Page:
Milo tried to make sense of larger transience as well. Upon discussing an event when someone died, the abstraction of the person’s death was frustrating him. Tangling with mortality in his mind but not being able to see it or touch it, Milo asked if I could show him a picture of what happened. I couldn’t, of course, but it illustrated his desire to capture concepts that are mysterious, that don’t make sense any other way.
But sometimes imagination should be the only tool for our mental wrangling.
My grandfather Charlie, whom I wasn’t close to at all, lived a wonderfully long time. That I didn’t know him well didn’t stop my appreciation of him and I hazily remember him from a couple of early vacations before my teens. He had a quiet demeanor and penetrating blue eyes, and a rabid dedication to Yahtzee. I recalled getting sick from eating too many rainbow colored marshmallows in his trailer at Fort Meyers Beach, and screaming in terror as I was “chased” by a tiny white crab down the glistening sand. My grandpa was a silent force but loved, albeit distantly.
Dad, who was also not particularly close to his father, went to visit him before he died. A mending of fences of sorts, though there was never an overt fall-out between them. They spoke of family and loss, and missed opportunities. They said their farewells, stoically I imagine since both shied from histrionics and public displays of emotional breast-beating.
Dad also took a photograph of him, recording his final visit with his Pop. And then he gave the photo to me.
Dad told me about this final visit so I imagined it through Dad’s narrative of the experience. But this photo of Grandpa Charlie has replaced any other memory; it’s what I recall when I think about him. Not the beach, not the puking up technicolor marshmallows in his trailer, not the Yahtzee: I remember in depressing detail the slackness of my grandfather’s jaw, the droop of his shoulders and the pallor of his skin. He looks like he’s dying, but it’s neither a documentary photo nor an artistic visualization of mortality; it is a stark, poorly framed image of a very ill old man in his waning days. There is no poetry there, no making sense of the larger issues. There is only waiting.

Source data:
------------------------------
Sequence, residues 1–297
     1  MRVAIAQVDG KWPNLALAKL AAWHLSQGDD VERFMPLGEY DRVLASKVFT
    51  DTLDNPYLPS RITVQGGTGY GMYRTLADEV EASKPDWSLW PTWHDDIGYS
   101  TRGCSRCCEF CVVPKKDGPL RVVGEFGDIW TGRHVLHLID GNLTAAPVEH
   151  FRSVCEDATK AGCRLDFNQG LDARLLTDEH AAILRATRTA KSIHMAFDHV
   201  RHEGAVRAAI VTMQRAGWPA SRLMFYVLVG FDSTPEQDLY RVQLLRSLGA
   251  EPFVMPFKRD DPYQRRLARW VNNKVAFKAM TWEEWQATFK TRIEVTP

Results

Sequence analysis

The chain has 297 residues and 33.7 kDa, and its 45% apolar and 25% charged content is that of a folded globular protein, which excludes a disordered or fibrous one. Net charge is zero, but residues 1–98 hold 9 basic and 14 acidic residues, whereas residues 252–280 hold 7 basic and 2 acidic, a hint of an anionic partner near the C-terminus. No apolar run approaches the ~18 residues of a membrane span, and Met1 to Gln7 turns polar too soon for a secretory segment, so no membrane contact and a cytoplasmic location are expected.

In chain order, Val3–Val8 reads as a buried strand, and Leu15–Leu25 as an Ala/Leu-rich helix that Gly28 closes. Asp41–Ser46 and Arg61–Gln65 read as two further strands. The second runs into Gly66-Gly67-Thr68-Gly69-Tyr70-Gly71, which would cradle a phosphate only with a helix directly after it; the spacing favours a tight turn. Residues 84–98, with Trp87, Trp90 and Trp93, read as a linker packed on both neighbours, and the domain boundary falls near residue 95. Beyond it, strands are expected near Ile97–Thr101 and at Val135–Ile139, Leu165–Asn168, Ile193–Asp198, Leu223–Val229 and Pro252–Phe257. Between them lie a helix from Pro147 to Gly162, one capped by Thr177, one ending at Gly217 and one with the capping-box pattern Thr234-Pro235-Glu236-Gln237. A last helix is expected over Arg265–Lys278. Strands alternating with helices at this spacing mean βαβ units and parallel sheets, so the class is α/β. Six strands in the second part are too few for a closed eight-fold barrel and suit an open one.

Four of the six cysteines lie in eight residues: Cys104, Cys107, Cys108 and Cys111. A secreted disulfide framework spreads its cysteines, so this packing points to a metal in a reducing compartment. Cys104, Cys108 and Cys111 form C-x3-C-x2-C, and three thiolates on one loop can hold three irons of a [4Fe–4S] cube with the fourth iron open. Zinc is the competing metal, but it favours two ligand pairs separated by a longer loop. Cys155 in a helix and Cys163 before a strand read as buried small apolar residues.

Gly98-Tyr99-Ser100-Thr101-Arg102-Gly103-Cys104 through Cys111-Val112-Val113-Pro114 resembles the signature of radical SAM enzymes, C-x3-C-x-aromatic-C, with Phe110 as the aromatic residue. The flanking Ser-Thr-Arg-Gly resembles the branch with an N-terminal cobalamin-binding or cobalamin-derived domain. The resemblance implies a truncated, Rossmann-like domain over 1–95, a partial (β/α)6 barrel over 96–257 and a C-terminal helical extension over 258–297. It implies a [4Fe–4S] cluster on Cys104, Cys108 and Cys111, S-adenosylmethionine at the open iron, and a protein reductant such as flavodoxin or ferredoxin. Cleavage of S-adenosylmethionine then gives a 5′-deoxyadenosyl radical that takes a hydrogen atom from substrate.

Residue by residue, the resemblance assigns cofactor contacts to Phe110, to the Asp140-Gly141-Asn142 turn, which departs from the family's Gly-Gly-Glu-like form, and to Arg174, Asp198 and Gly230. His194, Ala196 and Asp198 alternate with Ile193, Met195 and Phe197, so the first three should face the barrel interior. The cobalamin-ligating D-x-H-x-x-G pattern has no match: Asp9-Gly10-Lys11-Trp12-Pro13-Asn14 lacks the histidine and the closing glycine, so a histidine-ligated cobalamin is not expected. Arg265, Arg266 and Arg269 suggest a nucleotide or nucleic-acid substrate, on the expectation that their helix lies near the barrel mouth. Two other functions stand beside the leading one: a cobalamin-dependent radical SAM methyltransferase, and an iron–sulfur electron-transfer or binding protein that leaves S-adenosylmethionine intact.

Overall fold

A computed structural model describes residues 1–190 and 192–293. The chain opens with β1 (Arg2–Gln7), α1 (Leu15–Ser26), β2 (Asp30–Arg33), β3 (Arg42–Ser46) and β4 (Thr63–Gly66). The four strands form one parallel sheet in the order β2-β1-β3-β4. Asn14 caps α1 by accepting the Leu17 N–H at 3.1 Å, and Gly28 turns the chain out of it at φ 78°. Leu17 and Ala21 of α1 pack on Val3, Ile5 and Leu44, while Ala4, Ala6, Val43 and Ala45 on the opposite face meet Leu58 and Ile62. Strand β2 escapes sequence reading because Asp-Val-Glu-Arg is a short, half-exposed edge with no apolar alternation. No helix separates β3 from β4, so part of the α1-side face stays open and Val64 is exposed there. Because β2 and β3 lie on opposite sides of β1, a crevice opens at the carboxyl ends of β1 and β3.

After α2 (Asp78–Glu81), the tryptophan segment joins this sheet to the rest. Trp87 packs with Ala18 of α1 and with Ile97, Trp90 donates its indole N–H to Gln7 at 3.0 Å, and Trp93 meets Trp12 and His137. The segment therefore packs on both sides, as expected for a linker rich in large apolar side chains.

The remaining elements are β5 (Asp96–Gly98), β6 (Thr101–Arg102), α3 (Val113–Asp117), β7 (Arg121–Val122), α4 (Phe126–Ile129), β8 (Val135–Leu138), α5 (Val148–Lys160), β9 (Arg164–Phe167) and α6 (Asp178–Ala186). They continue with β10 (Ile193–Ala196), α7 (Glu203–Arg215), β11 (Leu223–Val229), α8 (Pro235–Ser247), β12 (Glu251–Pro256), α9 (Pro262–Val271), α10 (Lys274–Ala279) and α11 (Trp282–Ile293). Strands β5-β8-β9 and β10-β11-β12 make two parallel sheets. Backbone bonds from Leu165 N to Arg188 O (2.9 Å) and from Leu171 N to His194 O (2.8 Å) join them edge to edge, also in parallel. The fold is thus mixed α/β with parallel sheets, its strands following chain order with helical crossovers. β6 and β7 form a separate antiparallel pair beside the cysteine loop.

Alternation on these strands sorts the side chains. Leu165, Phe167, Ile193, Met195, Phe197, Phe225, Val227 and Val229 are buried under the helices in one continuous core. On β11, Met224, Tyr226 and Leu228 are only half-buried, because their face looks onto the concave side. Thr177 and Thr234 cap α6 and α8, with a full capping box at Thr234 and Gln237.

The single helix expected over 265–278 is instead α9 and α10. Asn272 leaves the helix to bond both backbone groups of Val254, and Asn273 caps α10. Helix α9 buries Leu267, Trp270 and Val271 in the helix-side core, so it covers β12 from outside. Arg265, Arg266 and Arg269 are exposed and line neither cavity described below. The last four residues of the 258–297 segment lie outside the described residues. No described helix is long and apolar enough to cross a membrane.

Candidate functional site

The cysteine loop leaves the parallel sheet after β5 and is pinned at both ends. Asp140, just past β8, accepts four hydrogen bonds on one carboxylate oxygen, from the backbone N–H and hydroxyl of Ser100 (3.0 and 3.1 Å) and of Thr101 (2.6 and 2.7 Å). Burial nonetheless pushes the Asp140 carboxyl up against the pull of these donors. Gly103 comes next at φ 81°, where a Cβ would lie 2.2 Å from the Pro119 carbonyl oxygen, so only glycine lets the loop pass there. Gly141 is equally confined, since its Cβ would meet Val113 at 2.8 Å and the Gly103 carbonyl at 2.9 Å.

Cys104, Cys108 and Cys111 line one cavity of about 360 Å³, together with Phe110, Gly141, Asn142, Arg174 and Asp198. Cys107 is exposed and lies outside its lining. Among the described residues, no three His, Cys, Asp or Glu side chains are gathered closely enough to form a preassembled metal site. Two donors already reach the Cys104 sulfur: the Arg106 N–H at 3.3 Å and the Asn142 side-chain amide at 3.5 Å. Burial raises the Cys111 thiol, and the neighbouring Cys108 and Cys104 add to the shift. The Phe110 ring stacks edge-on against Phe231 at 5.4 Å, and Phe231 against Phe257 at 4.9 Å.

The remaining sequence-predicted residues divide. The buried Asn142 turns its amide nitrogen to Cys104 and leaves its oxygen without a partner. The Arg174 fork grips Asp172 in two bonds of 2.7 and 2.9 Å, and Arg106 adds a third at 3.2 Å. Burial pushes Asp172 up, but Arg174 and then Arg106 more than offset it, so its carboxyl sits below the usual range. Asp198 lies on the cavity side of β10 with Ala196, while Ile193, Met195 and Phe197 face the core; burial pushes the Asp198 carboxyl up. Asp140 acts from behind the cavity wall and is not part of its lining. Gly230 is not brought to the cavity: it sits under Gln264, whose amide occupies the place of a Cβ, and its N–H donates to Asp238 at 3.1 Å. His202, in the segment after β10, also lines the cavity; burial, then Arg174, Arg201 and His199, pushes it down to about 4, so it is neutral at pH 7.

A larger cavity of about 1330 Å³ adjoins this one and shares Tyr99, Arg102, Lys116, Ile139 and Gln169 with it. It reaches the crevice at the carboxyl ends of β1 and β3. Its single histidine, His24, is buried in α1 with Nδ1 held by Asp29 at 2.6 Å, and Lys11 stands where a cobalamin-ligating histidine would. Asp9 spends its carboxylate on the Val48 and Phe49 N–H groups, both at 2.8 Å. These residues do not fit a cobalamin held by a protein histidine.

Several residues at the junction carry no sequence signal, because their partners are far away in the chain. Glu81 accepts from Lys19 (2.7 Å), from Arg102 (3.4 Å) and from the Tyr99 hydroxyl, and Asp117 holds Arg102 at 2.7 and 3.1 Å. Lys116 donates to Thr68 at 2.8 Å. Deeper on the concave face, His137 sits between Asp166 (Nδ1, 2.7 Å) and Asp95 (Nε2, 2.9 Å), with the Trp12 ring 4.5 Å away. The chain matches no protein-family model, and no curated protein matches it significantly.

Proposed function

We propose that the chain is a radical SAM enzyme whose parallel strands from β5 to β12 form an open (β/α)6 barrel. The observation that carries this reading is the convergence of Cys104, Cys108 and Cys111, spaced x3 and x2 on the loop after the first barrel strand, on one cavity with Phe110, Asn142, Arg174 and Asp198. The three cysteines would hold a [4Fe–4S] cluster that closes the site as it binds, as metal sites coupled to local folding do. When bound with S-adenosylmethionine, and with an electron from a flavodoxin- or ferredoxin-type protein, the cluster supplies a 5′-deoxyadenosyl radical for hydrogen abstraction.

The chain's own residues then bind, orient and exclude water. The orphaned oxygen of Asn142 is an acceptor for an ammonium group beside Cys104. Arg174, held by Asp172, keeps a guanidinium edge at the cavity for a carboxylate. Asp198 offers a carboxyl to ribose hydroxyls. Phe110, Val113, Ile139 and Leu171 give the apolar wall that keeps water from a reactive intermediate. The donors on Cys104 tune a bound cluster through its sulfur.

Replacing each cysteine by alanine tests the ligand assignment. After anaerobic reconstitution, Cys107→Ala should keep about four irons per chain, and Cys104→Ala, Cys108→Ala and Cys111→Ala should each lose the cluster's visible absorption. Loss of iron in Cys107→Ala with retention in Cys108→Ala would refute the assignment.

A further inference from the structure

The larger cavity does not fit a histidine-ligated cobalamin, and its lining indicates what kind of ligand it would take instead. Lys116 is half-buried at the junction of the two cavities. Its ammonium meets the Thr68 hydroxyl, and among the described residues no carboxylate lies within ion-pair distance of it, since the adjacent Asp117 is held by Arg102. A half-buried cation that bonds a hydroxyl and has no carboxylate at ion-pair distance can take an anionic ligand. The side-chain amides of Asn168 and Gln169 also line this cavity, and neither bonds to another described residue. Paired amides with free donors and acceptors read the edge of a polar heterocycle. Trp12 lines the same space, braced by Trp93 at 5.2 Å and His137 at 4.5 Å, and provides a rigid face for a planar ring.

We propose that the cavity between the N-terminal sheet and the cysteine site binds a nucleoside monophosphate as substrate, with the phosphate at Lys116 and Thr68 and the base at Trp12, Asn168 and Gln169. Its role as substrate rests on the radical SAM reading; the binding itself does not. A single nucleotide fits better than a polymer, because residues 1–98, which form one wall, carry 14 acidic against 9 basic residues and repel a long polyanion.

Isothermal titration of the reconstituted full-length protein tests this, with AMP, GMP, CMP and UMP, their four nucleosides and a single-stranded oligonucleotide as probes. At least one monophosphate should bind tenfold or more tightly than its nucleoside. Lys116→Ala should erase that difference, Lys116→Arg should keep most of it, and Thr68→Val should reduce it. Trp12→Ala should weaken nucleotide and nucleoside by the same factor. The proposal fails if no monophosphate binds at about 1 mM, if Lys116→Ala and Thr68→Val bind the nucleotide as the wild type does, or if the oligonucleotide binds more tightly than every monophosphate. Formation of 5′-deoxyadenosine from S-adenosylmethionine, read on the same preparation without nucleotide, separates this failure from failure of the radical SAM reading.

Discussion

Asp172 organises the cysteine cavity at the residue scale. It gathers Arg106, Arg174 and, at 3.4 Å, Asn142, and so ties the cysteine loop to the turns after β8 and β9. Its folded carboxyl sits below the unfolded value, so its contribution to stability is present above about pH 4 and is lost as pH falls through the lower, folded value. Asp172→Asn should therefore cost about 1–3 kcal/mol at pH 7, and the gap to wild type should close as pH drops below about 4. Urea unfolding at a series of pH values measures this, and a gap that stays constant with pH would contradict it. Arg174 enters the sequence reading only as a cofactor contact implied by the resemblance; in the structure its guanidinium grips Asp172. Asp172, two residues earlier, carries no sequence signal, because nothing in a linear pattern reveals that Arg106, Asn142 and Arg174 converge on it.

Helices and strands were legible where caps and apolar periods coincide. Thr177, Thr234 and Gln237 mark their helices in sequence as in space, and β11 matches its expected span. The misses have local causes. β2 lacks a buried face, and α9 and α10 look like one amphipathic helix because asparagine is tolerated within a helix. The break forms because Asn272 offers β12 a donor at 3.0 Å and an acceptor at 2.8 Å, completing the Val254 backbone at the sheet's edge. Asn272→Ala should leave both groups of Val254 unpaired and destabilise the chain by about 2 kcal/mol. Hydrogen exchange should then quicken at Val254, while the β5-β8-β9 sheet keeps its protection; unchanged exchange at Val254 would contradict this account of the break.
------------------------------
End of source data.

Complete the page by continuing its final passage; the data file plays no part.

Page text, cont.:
I was talking about this with a friend whose father died after enormous and protracted suffering. Her mother gave her a photo at Christmas of the last picture taken of her father. “Good grief, what was she thinking?” she asked. “He looks miserable and old and like he wants to die. Why would I want to remember him that way?” But her mother was understandably trying to share it all with her: the good, the bad, the mundane, the end.
We try to capture fleeting moments, to convince ourselves of the full and meaningful lives we live before we die. But the proof recorded in photographs is no closer to an understanding of a life if it recalls memories that aren’t true for the viewer: I had no memory of poor old Grandpa in that condition because I wasn’t there, but that is the indelible impression I have of him now. And my friend is forever cursed with the image of her father wishing for death alongside all the other moments of a lifetime shared with him.
It’s easy to rely on the camera to retain our memories, but sometimes personal mythology is more profound than the visual evidence.